Sunday, November 10, 2019

SMS provider said 168,000 Valentine’s texts were delayed — now it says the number is higher

Photo by Amelia Holowaty Krales / The Verge

The company at fault for the tens of thousands of delayed text messages that were sent out early Thursday morning says that more messages were delayed than it originally believed. Syniverse, the company in question, originally stated that 168,149 messages were delayed. It now says that the number was based on “preliminary data” and that further review shows the message total “is higher than initially reported.”

Syniverse didn’t indicate how much higher the number might be or whether it would release final numbers once it had figured out the total. It’s worth remembering that the total number of people affected is at least double the number of delayed messages: there’s the sender, whose message was received months later at an odd hour of the night, and the receiver, who got the strange and sometimes disconcerting late-night message.

Syniverse says a server failed on Valentine’s Day and only just came back online

The issue is now resolved and no more delayed messages are being sent, according to Syniverse. “We apologize to anyone who was impacted by this occurrence,” said William Hurley, Syniverse’s marketing and product chief. Hurley says the company is reviewing its processes to “ensure this does not happen again.”

All of the delayed messages were sent out because of a server issue, Syniverse said. A single server failed on Valentine’s Day 2019, holding onto messages that hadn’t yet been sent out. That server was only brought online again on November 7th, causing the stuck texts to finally be released.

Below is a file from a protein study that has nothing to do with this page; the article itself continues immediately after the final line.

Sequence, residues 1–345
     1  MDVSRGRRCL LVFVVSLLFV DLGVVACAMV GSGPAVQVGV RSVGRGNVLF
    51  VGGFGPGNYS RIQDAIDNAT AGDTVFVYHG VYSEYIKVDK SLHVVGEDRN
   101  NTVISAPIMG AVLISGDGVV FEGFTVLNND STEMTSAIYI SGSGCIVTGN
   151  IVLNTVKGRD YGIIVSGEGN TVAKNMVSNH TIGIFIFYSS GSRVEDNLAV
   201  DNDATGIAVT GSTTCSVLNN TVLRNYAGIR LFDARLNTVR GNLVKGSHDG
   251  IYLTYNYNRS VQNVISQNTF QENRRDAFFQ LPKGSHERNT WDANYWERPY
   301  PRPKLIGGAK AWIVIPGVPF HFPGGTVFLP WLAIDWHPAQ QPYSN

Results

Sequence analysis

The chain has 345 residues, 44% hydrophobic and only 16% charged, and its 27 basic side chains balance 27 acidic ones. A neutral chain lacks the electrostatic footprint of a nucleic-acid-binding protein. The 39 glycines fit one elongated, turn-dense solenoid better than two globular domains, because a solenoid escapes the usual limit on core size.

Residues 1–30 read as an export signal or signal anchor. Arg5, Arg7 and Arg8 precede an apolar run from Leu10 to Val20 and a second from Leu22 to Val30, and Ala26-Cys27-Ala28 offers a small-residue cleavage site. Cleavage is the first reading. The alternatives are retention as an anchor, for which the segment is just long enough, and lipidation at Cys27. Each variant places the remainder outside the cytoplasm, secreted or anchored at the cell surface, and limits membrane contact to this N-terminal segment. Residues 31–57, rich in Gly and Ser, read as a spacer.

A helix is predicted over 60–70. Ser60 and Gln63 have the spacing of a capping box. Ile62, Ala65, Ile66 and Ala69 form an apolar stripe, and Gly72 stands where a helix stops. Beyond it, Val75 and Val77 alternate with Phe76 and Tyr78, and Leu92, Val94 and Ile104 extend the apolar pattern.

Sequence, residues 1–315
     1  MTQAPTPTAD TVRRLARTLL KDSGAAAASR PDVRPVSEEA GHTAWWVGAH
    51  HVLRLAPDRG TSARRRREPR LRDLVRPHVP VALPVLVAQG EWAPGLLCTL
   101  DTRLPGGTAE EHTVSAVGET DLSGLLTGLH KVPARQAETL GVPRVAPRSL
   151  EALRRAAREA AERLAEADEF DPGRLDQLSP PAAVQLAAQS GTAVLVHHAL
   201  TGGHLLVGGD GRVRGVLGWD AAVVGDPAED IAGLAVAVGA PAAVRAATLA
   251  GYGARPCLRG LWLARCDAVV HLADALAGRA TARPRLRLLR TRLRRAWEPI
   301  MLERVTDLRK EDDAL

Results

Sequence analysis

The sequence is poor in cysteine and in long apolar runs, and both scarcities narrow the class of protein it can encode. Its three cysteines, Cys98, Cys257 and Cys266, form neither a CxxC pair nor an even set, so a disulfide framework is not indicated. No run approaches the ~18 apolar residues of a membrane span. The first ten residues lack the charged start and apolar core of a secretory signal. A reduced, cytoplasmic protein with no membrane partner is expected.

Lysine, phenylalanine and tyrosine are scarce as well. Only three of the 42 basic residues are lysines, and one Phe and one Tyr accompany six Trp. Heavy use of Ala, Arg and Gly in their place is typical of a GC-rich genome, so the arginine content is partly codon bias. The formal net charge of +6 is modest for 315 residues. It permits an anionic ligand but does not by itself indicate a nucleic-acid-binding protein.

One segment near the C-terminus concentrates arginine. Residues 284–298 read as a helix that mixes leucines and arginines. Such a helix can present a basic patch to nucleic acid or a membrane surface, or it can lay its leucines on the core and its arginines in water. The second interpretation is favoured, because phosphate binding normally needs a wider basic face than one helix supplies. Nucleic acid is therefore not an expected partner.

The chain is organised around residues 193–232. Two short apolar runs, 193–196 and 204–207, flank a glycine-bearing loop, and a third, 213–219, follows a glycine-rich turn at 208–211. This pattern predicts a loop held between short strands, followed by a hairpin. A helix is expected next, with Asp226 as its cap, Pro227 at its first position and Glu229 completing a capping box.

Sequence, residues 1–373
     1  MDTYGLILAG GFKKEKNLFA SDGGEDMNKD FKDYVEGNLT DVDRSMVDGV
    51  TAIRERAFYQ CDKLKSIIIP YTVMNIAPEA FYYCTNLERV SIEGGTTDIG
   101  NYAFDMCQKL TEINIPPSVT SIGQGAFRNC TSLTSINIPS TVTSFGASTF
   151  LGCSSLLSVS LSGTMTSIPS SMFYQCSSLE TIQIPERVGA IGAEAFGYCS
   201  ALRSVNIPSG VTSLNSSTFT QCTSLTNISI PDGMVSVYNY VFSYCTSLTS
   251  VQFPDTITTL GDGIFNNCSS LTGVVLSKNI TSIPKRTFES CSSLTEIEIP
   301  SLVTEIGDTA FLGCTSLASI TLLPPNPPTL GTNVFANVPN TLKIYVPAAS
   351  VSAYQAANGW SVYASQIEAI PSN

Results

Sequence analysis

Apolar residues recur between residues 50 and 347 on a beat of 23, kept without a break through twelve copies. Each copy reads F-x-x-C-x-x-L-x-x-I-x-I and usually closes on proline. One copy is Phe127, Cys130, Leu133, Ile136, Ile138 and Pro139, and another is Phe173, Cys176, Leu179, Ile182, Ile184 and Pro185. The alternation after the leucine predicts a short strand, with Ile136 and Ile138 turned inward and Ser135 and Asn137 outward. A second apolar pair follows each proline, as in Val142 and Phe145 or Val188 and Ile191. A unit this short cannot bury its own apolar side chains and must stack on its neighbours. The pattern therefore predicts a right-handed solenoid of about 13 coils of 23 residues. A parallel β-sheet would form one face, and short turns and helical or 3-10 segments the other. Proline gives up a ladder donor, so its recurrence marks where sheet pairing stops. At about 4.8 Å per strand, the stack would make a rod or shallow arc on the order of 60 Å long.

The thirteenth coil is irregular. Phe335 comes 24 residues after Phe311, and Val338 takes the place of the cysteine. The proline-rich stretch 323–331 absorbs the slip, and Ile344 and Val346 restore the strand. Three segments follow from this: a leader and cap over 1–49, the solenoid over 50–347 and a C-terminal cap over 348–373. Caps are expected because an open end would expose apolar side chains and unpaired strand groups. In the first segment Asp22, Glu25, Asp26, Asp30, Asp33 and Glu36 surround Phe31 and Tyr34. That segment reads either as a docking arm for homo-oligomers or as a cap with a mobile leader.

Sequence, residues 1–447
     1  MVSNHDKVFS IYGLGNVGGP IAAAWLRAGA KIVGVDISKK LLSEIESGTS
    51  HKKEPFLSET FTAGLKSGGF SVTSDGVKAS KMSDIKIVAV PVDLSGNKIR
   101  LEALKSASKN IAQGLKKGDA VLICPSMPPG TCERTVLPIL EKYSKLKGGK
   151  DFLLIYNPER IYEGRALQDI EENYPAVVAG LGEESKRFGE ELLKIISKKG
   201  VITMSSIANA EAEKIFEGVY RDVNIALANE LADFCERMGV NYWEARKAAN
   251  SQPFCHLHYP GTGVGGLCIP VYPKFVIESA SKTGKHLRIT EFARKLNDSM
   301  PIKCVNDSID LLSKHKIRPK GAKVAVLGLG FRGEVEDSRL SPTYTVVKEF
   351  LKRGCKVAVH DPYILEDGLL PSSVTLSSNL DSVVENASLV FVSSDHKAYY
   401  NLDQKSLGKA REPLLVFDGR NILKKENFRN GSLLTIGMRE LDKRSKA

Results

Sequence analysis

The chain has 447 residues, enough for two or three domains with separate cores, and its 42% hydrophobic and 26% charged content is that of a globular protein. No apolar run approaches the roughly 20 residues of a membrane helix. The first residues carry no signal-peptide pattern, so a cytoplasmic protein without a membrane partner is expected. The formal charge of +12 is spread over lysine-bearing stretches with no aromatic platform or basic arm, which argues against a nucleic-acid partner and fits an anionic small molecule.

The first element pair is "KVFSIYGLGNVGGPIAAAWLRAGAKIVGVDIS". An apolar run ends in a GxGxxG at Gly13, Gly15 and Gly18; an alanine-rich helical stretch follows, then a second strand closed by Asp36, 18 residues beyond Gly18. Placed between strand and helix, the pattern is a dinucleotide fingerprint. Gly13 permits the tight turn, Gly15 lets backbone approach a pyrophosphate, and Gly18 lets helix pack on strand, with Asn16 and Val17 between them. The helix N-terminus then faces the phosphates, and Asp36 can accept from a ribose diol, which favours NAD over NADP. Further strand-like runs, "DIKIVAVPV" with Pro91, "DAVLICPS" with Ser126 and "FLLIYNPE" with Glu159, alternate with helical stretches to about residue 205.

The delayed messages led to widespread confusion. In the US, text messages were largely delivered in the middle of the night, and because there was no indication they had been delayed, recipients were usually clueless as to what they were reading. In other cases, the reception went beyond confusion: people received text messages from exes; in several cases, messages were received by people who have died since they were sent.

Mobile carriers rely on a number of third-party companies, like Syniverse, to route text messages that are being sent between networks. That’s why people across all major carriers and even smaller carriers experienced the issue — if their carrier relied on Syniverse, or if the carrier of the person they were messaging relied on Syniverse, their message would have crossed its network, and it could have gotten stuck last Valentine’s Day.

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